Grief and Healing: Tribute to my grandmother.
Writing this blog demanded a lot of emotional strength. It is about a topic I am not fully ready to articulate with words. But when I finally decided to write about it, there was no other place I could think of than AWiB–a place where my writing first blossomed. This is a story of love, family, spirituality, and grief. This is a story of my grandmother and her legacy. This is a story of how I lost and healed while living abroad.
I come from a family of strong and vocal women. My grandmother was one of them. Her name is Zeyneba Eshetu. She is one of the most cheerful, kind, and strong spirited women I know. She is one of those people who brings everyone together for family gatherings, goes to visit the relatives everyone else had forgotten about, and opens her door to strangers and those in need. She was the epitome of kindness. She was also known for speaking her mind; she did not sugar-coat anything. If my hair was a mess or she did not like what I was wearing, she told me to my face; the same goes for anybody else.
My grandmother was also a religious woman. She made dua for all her kids and grandkids. Once I got to university, I would call her and ask her to make dua for me whenever I was trying something. A final exam, a scholarship, a job application… she would respond with, “I am always praying for all of you. May Allah grant you what your heart desires.” Soon enough, I would get what my heart desired. My favorite part is to then take coffee or dates to her and tell her the good news.
After I moved to the US for my Ph.D., my routine continued: I try something, I call and ask her to make dua, I get it then call to tell her the good news. For the start of Ramadan in 2022, I called to wish her a good month of fasting as I always did. But something was different this time–her voice was not the same. I asked her what was wrong, and she told me she was feeling a little under the weather. I did not want to keep her for long, so I just wished her a good Ramadan and told her I loved her. “I love you too. May Allah reunite us in peace.” Little did I know those were the last words I would hear from her.
The whole week after that, my family was not responding to my queries about her, and her phone was not working. I knew something was wrong; I just did not want to accept it. That weekend, my friends set up a dinner to tell me the news, as is our culture. They did not have to say anything; I already knew. My grandmother, Abaye, passed away a few days after I talked to her. I was not ready…My friends tried to take me to places, help me forget, nothing really worked.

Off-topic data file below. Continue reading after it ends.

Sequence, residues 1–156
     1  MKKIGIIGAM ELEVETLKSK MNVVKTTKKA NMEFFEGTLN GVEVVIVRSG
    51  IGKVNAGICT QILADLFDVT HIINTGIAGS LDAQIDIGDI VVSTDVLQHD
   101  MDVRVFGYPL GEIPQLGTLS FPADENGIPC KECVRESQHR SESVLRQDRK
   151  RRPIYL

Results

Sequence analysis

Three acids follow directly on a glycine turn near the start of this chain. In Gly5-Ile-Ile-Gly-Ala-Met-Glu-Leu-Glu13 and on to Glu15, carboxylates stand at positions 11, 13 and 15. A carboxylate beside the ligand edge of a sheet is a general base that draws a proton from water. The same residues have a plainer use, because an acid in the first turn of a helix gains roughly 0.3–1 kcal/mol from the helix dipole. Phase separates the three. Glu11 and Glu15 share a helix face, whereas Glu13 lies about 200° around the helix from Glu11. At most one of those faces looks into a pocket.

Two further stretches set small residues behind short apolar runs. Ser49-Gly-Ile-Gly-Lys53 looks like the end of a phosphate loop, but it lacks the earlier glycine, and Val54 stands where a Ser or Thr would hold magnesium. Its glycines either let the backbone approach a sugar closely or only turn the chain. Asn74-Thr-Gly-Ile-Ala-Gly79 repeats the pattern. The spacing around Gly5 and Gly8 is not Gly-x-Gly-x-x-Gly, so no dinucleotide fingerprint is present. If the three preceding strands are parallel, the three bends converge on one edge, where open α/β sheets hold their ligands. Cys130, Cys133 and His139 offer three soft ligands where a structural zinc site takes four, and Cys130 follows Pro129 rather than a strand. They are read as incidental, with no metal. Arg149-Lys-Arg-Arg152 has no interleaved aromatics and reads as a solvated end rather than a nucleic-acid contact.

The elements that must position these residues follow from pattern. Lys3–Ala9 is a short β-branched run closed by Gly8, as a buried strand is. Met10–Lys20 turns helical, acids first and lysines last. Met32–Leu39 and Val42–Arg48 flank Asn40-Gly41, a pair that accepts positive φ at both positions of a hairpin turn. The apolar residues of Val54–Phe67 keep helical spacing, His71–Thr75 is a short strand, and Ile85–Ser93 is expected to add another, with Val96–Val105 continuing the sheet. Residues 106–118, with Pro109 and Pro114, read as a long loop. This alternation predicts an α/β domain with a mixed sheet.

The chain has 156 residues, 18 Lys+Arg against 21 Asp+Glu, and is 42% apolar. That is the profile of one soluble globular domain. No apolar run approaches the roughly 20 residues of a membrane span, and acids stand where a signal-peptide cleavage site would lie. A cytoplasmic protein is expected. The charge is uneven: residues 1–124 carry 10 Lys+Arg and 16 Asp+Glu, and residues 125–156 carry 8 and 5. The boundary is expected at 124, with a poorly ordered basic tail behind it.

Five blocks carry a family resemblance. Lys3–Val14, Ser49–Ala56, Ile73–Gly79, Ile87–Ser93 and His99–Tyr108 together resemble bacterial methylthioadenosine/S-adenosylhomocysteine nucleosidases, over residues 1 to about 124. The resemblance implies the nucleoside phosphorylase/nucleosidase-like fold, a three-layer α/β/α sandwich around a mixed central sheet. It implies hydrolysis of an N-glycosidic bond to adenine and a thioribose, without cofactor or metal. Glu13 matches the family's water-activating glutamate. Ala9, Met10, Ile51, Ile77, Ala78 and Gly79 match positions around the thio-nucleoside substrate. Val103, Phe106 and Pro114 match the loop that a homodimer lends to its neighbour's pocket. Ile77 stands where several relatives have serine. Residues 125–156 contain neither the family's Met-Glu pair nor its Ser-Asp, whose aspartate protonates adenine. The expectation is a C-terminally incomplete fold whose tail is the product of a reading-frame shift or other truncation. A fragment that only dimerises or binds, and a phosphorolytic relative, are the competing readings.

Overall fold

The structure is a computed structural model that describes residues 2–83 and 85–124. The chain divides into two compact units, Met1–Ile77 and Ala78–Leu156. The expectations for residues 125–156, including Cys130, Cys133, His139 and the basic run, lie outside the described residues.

Dealing with grief while away from home and family is very hard. I still cannot talk about her without crying. Because I was physically away from her for about a year, I could not help but think I will see her when I am back. We think about all the things we would do for the ones we love. We forget how easily we could lose them, how truly short life is. I kept thinking that she should have seen me graduate; she should have seen me become a professor. But had it happened, then I would think of all the other things she should have seen me become.
Around the end of my first year, I applied for the SIGHPC fellowship. This was the last thing I asked her to make dua for me. I got my fellowship…but I could not call her to tell her that. As part of my healing and as a tribute to her, I am now building a library in the rural village where she was born using the fellowship money. I have blogged about education and the need for more infrastructure in my previous AWiB blog. I am where I am today because I had access to books as a kid…because I had the opportunity to explore and feed my curiosity. I hope this library will provide that for the kids who live in that neighborhood.
Abaye, I cannot describe with words how much I miss you and how much it hurts to think of not seeing your face again. Your dua worked, and I got my fellowship. I know you are looking down on me and that you are at peace now. Inshallah, I will finish the library, and it will be a place where kids flourish….Inshallah, I will build many more and spread the love and kindness you taught me.
Share on your socials!